I should clarify my comments on the state and marriage. The state should not be the final arbiter of what counts as a marriage and the state has gotten too powerful in this regard. One of the things statists do is put the state over the Church in regards to marriage to decide what counts as a marriage.
For years the state courts have recognized what the Church calls invalid remarriages as actual marriages. It is no surprise that in many states now the courts also consider gay unions to be marriages. Now with Canada legalizing certain forms of bestiality, it is not irrational to say the next item on the agenda may be inappropriate relationships between humans and animals recognized as marriages.
The state also decides largely the distribution of money in families such as settlements, alimony, widow’s pension. It’s no doubt the LGBT community has pushed the courts to legalize gay “marriage”. Of course I say “marriage” in quotation marks because gay “marriage” is an impossibility in the eyes of God just as the “ordination” of women into the priesthood is an impossibility in the eyes of God. Back to the idea of the state’s power of marriage, the distribution of goods has gone from personal charity to the will of the state. Then there’s the pressure to have a marriage license.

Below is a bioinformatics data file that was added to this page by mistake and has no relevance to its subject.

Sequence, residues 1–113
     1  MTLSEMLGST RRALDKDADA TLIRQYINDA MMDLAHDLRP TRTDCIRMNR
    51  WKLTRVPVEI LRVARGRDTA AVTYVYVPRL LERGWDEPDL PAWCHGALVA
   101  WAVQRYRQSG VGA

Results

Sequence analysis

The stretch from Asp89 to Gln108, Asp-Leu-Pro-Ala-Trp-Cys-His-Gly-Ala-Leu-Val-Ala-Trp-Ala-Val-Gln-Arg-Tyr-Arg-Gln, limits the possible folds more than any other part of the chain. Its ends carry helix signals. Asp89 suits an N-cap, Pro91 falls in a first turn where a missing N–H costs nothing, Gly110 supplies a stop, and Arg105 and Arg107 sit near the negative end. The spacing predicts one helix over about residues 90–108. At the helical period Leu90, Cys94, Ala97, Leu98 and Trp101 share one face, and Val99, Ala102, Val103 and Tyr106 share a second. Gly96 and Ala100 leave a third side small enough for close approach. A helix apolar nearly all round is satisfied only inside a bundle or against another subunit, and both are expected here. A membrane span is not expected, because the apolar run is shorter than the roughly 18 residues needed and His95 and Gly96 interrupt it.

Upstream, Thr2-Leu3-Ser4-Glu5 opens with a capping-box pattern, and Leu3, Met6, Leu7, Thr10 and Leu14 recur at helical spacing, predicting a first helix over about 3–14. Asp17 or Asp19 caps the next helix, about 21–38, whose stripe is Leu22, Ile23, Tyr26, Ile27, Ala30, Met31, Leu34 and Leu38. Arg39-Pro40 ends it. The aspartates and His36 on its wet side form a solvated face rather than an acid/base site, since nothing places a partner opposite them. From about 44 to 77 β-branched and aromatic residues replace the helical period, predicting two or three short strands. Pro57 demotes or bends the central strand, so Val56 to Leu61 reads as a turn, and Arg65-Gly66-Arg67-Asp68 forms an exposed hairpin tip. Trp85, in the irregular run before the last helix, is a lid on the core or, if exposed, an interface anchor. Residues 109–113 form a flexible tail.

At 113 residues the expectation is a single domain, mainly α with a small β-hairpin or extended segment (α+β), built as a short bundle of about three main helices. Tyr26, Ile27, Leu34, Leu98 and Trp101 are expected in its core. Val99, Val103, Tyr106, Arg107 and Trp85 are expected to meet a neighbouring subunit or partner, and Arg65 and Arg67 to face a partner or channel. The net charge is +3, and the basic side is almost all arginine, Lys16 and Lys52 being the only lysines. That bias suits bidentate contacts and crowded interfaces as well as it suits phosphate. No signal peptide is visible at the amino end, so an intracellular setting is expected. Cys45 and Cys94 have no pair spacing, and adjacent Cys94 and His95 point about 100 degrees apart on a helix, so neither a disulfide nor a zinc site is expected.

Now the common claim among libertarians is that the state should have absolutely no say on marriage. While to a large extent I agree, to claim the state has absolutely no place in saying what is a marriage is indifference towards the sanctity of marriage which is borderline heresy. The Catechism repeatedly calls for public officials to defend the sanctity of marriage: “Civil Authority should consider it a grave duty to acknowledge the true nature of marriage and the family, to protect and foster them, to safeguard public morality, and promote domestic prosperity” (n. 2210).
While I am not saying gays should be arrested for living with each other, the thought of any institution acknowledging gay unions on the same level as natural or sacramental marriages — whether the state calls them marriages or not — is in direct contrast to Church doctrine.